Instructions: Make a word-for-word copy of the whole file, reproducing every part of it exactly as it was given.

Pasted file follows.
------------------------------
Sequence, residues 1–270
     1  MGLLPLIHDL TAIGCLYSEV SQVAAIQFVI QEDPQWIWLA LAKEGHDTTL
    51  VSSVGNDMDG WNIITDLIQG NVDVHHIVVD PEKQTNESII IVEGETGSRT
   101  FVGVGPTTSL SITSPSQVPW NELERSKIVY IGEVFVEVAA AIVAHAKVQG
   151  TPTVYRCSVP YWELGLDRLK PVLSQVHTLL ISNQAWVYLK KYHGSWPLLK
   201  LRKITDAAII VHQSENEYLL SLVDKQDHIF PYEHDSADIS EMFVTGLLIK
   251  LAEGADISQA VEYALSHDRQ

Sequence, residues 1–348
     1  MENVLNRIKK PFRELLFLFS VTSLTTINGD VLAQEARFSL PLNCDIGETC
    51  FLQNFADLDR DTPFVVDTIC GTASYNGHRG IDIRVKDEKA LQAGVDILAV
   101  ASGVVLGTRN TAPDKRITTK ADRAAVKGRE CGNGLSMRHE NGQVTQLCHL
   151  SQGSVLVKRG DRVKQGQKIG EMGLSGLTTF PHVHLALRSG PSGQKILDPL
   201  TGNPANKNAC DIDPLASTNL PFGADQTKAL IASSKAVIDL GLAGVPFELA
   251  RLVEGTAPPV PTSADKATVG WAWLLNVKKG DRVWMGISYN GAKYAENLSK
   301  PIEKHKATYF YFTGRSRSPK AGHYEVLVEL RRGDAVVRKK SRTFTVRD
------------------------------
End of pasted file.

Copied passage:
Sequence, residues 1–270
     1  MGLLPLIHDL TAIGCLYSEV SQVAAIQFVI QEDPQWIWLA LAKEGHDTTL
    51  VSSVGNDMDG WNIITDLIQG NVDVHHIVVD PEKQTNESII IVEGETGSRT
   101  FVGVGPTTSL SITSPSQVPW NELERSKIVY IGEVFVEVAA AIVAHAKVQG
   151  TPTVYRCSVP YWELGLDRLK PVLSQVHTLL ISNQAWVYLK KYHGSWPLLK
   201  LRKITDAAII VHQSENEYLL SLVDKQDHIF PYEHDSADIS EMFVTGLLIK
   251  LAEGADISQA VEYALSHDRQ

Sequence, residues 1–348
     1  MENVLNRIKK PFRELLFLFS VTSLTTINGD VLAQEARFSL PLNCDIGETC
    51  FLQNFADLDR DTPFVVDTIC GTASYNGHRG IDIRVKDEKA LQAGVDILAV
   101  ASGVVLGTRN TAPDKRITTK ADRAAVKGRE CGNGLSMRHE NGQVTQLCHL
   151  SQGSVLVKRG DRVKQGQKIG EMGLSGLTTF PHVHLALRSG PSGQKILDPL
   201  TGNPANKNAC DIDPLASTNL PFGADQTKAL IASSKAVIDL GLAGVPFELA
   251  RLVEGTAPPV PTSADKATVG WAWLLNVKKG DRVWMGISYN GAKYAENLSK
   301  PIEKHKATYF YFTGRSRSPK AGHYEVLVEL RRGDAVVRKK SRTFTVRD